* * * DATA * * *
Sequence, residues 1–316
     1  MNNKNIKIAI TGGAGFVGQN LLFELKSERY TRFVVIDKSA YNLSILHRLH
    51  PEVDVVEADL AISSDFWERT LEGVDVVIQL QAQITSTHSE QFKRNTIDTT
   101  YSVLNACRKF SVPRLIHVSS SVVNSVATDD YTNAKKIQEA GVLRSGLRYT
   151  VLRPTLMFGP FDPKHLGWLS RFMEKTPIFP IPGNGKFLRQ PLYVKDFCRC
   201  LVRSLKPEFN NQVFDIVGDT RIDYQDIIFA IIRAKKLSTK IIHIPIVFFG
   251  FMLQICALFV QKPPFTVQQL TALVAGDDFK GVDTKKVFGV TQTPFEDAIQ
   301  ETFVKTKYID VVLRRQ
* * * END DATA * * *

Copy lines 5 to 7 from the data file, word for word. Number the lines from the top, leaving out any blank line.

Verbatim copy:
   151  VLRPTLMFGP FDPKHLGWLS RFMEKTPIFP IPGNGKFLRQ PLYVKDFCRC
   201  LVRSLKPEFN NQVFDIVGDT RIDYQDIIFA IIRAKKLSTK IIHIPIVFFG
   251  FMLQICALFV QKPPFTVQQL TALVAGDDFK GVDTKKVFGV TQTPFEDAIQ